New evidence shows the first building blocks of life on Earth may have been messier than previously thought

phys.org | 1/22/2020 | Staff
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When the Earth was born, it was a mess. Meteors and lightning storms likely bombarded the planet's surface where nothing except lifeless chemicals could survive. How life formed in this chemical mayhem is a mystery billions of years old. Now, a new study offers evidence that the first building blocks may have matched their environment, starting out messier than previously thought.

Life is built with three major components: RNA and DNA—the genetic code that, like construction managers, program how to run and reproduce cells—and proteins, the workers that carry out their instructions. Most likely, the first cells had all three pieces. Over time, they grew and replicated, competing in Darwin's game to create the diversity of life today: bacteria, fungi, wolves, whales and humans.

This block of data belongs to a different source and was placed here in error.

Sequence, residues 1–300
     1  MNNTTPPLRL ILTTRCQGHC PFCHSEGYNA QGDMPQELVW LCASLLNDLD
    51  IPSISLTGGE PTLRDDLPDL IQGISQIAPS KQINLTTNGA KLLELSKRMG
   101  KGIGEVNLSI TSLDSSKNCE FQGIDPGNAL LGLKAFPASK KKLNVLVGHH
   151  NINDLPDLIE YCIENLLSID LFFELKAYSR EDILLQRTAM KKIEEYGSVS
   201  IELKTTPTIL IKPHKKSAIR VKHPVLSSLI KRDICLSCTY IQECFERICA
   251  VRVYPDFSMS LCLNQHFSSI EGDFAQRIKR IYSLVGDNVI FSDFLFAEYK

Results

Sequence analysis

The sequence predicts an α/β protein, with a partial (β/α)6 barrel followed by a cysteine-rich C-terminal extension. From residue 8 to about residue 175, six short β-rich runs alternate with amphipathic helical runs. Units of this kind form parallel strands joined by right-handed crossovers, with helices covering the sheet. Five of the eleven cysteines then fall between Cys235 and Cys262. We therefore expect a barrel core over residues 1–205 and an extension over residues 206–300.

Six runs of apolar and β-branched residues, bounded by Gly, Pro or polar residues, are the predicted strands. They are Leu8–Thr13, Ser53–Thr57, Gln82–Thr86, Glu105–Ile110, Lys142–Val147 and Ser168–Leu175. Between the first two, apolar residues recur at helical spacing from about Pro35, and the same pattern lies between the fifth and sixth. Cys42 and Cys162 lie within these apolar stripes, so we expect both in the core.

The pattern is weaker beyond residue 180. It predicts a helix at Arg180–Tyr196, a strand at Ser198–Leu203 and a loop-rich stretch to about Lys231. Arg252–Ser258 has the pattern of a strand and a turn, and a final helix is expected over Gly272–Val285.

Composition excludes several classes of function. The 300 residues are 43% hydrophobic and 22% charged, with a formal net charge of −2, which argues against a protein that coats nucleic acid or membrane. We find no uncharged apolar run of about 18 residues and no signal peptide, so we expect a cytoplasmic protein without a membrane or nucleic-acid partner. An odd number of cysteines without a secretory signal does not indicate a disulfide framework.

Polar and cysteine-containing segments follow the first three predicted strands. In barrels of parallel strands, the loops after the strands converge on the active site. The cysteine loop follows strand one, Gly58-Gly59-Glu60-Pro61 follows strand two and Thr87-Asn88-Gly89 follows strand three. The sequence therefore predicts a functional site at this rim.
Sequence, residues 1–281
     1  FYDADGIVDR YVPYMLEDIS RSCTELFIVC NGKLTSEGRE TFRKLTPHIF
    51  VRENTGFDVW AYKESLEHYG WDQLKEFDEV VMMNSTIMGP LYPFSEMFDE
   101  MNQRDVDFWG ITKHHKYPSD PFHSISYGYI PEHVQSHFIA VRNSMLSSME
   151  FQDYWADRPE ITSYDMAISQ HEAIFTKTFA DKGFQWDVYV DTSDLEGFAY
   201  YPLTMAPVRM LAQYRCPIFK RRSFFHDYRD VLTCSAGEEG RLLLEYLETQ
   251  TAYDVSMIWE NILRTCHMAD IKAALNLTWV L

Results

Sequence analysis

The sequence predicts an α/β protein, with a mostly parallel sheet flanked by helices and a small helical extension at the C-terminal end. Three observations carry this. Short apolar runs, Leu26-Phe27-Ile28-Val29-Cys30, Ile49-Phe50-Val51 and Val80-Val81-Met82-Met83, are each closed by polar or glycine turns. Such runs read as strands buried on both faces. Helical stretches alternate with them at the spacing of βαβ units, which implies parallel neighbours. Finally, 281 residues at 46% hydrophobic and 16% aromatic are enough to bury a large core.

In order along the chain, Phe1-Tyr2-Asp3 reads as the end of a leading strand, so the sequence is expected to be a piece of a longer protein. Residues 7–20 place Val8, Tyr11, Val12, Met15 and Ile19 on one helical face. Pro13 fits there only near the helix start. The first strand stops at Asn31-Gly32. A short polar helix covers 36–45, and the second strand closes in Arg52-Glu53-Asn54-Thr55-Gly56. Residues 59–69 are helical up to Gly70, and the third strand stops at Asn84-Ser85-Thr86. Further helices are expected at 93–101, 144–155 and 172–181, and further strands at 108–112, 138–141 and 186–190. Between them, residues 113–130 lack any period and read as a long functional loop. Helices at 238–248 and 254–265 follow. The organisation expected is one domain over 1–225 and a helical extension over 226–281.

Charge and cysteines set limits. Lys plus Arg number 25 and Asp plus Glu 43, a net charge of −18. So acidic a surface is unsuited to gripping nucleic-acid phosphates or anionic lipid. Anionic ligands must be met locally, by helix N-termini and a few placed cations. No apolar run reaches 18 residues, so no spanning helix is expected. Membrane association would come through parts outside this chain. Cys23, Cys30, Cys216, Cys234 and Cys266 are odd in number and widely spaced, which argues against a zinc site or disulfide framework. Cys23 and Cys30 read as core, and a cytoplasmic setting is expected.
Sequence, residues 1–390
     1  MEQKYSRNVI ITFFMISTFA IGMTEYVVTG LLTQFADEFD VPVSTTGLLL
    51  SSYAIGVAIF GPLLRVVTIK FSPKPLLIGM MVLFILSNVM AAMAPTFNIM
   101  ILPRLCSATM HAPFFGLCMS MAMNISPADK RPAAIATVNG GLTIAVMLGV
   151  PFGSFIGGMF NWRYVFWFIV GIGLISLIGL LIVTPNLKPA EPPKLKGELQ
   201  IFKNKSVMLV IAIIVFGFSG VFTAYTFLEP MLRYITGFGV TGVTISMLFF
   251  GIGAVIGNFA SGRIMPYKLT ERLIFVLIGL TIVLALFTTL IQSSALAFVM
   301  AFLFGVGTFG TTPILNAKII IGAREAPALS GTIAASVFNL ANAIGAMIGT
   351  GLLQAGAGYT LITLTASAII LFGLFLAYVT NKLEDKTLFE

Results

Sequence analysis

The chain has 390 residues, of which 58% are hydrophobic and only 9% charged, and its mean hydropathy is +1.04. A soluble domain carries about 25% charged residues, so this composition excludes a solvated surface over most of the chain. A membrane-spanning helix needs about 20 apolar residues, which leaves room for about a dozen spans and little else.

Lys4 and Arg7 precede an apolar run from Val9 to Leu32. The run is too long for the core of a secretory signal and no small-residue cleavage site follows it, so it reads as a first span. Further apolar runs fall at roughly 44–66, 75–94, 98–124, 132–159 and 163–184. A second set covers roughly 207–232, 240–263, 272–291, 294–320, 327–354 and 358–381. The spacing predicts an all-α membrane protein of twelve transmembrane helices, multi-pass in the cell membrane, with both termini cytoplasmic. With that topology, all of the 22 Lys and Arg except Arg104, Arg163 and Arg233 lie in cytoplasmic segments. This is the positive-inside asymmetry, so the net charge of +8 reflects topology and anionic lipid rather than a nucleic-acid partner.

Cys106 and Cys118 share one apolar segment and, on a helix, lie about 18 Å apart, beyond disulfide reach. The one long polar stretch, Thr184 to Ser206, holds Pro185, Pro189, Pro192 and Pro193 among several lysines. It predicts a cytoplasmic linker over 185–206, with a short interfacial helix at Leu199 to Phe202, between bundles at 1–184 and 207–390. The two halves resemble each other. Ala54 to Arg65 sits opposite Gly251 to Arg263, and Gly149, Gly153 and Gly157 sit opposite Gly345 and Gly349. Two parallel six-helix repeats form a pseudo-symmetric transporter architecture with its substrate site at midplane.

RNA - DNA - Proteins - Partners - Theory

But first, RNA, DNA or proteins had to form without their partners. One common theory, known as the "RNA World" hypothesis, proposes that because RNA, unlike DNA, can self-replicate, that molecule may have come first. While recent studies discovered how the molecule's nucleotides—the A, C, G and U that form its backbone—could have formed from chemicals available on early Earth, some scientists believe the process may not have been such a straightforward path.

"Years ago, the naive idea that pools of pure concentrated ribonucleotides might be present on the primitive Earth was mocked by Leslie Orgel as 'the Molecular Biologist's Dream,'" said Jack Szostak, a Nobel Prize Laureate, professor of chemistry and chemical biology and genetics at Harvard University, and an investigator at the Howard Hughes Medical Institute. "But how relatively modern homogeneous RNA could emerge from a heterogeneous mixture of different starting materials was unknown."

Paper - Journal - Chemical - Society - Szostak

In a paper published in the Journal of the American Chemical Society, Szostak and colleagues present a new model for how RNA could have emerged. Instead of a clean path, he and his team...
(Excerpt) Read more at: phys.org
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